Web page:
My Grandmother’s Hands
by Vivian I. Zumstein
The diamond ring sparkled, refracting the light into hundreds of miniature rainbows. My 19-year-old eyes feasted on it. My grandmother had just slipped it on my finger. “Your grandfather gave me this ring on our 25th wedding anniversary,” she said. “I want you to have it.”
I admired the ring. She admired something else. “Your fingers are so long and straight,” she crooned, caressing them from base to tip. “I once had hands as beautiful as these, but …” She shuddered, holding her hand next to mine. “Look at them now.”
What a difference! My grandmother’s hand was gnarled: veins and tendons rose through puckered, translucent skin. Brown patches stained its surface. Her fingers were stubby, her knuckles knotty with arthritis. I sucked in my breath. With typical youthful self-absorption, I had never noticed my grandmother’s hands. They were just appendages that handed me a treat or stroked my cheek goodnight. Looking at my grandmother’s hand, it was impossible to imagine that it had ever looked like mine.
“Ah, that is what you get from spending your life with your fingers in other people’s mouths,” she sighed, referring to her career as a dentist.
Almost three decades later, I have news for my grandmother. It wasn’t dentistry that destroyed her hands; it was simply age. I am not a dentist and I am not yet in my 70s, but my hands already show the wear of time. Living takes its toll: four children, mountains of diapers, meals, pots and pans, gardening without gloves, not enough regular application of moisturizers. It adds up.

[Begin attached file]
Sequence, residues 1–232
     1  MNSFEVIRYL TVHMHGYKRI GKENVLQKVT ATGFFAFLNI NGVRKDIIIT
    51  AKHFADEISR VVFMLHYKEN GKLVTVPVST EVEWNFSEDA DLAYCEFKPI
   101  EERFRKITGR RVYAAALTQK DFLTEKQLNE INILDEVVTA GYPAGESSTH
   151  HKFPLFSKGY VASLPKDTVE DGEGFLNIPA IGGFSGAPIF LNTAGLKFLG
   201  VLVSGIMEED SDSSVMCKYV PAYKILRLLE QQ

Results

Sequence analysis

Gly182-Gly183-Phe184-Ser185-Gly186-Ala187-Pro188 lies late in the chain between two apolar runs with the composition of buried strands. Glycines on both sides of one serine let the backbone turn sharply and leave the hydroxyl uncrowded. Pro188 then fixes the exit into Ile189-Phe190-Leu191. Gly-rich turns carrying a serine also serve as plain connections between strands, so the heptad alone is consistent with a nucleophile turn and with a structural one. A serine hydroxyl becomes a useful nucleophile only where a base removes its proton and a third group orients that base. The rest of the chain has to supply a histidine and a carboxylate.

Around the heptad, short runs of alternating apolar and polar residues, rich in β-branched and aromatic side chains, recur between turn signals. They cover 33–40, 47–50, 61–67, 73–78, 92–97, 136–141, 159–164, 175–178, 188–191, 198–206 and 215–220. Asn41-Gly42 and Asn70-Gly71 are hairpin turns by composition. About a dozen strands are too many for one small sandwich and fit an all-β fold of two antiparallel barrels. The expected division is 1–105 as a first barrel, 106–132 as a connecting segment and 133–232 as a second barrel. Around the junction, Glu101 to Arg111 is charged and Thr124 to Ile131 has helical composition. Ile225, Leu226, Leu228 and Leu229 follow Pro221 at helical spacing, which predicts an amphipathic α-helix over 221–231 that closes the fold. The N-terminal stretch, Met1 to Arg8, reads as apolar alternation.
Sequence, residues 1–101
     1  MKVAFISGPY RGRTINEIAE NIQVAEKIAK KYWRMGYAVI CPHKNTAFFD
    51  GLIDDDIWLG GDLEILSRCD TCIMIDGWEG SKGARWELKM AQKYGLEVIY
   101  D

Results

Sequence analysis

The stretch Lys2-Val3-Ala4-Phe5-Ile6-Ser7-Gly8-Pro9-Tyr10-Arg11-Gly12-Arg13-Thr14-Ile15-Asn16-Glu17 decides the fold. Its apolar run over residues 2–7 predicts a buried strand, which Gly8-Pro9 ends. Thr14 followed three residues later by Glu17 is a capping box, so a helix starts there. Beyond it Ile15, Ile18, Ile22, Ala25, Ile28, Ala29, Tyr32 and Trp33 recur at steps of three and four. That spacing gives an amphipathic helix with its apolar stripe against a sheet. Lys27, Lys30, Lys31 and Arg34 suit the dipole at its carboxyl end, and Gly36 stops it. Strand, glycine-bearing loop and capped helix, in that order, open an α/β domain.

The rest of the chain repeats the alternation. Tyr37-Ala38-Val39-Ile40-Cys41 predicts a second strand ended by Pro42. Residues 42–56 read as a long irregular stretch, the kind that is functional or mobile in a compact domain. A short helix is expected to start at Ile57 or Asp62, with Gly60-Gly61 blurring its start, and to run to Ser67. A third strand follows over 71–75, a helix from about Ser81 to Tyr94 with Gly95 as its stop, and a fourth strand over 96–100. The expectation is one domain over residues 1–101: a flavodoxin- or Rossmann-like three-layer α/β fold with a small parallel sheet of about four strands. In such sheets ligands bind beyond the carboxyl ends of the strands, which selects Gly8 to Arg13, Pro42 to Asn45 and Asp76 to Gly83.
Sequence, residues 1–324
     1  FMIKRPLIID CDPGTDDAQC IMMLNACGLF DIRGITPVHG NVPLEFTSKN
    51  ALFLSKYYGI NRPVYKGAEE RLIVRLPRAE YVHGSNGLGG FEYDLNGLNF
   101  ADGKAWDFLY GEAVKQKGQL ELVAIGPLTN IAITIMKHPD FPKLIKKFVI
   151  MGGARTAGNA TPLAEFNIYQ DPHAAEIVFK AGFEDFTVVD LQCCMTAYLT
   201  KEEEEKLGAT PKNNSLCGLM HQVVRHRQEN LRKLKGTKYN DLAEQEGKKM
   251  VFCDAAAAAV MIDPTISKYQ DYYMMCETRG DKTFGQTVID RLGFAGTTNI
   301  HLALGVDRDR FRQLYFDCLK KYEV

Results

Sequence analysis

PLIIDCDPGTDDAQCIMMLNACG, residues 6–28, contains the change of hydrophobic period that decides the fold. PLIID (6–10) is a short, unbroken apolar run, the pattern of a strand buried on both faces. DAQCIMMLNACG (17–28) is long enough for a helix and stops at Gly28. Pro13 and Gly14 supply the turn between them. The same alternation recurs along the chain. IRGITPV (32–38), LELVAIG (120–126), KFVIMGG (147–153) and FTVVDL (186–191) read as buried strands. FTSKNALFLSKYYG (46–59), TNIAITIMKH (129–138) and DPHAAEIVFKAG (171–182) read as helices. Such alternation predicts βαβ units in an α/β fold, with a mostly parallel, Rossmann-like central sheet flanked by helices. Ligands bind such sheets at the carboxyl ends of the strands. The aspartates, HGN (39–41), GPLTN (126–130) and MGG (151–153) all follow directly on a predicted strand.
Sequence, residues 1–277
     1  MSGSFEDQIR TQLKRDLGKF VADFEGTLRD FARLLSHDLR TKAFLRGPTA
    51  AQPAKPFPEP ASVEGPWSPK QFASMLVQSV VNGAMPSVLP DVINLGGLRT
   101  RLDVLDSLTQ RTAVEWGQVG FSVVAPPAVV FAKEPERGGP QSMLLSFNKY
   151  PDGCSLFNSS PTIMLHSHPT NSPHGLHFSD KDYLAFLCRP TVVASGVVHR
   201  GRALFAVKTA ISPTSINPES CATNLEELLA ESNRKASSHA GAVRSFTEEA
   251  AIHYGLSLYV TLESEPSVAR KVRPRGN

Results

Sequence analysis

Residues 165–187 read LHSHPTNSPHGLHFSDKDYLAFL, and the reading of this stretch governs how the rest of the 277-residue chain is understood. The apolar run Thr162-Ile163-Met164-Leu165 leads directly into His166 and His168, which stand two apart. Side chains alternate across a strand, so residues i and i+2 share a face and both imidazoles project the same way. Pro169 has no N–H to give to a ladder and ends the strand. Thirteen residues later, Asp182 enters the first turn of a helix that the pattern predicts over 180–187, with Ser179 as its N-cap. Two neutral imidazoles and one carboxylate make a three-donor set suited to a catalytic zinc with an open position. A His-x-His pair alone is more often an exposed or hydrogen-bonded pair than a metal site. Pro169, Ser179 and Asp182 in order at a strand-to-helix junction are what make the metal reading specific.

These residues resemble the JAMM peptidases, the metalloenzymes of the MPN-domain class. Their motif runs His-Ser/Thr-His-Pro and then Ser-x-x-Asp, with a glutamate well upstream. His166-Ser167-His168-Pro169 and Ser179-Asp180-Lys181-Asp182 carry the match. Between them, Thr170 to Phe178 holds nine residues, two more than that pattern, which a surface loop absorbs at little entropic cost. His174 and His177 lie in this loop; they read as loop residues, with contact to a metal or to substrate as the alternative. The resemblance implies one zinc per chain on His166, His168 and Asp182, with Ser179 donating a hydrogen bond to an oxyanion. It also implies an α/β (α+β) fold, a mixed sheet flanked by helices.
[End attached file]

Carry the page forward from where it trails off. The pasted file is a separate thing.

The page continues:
I marvel at my grandmother’s bravery in holding her hand up to my teenage one. My 10-year-old daughter, Emily, often pulls my hand to her cheek in a show of affection. Just as I didn’t really see my grandmother’s hand, I know Emily doesn’t see mine. But I see it. Against Emily’s young hand, mine already looks old, very old indeed. Sometimes I struggle to recognize it as my own.
My skin is crosshatched with fine lines that no miracle cream can erase. I haven’t got arthritis, but even so, my fingers have thickened over time, losing their long elegance. Veins meander under my skin like raised blue rivulets. Tendons fan out from my wrist to the fingers they control, dancing as I move them. My palms are calloused and rough.
As I pull Emily’s hand to my own cheek I can understand why my grandmother admired mine. Emily’s hand exudes youth. Her skin is soft and supple, her flesh plump and her long fingers slender. No veins play under her skin. As she wriggles her fingers, only the barest ripple betrays her tendons. Her hands beg to be touched and admired.
So, in another few decades, when I pass my grandmother’s ring on to an as yet unborn granddaughter, I will relive, from the opposite perspective, the moment my grandmother and I shared. The diamond, unchanged by time, will dazzle my granddaughter’s eyes while I soak in the radiance of her young, vibrant hand. I will caress it and hold it next to mine, giving her, as my grandmother gave me, a first inkling of the passing years.
Vivian Zumstein, of Dunkirk, is a frequent contributor. Her last story “Where Have All the Songbirds Gone,” led last week’s paper.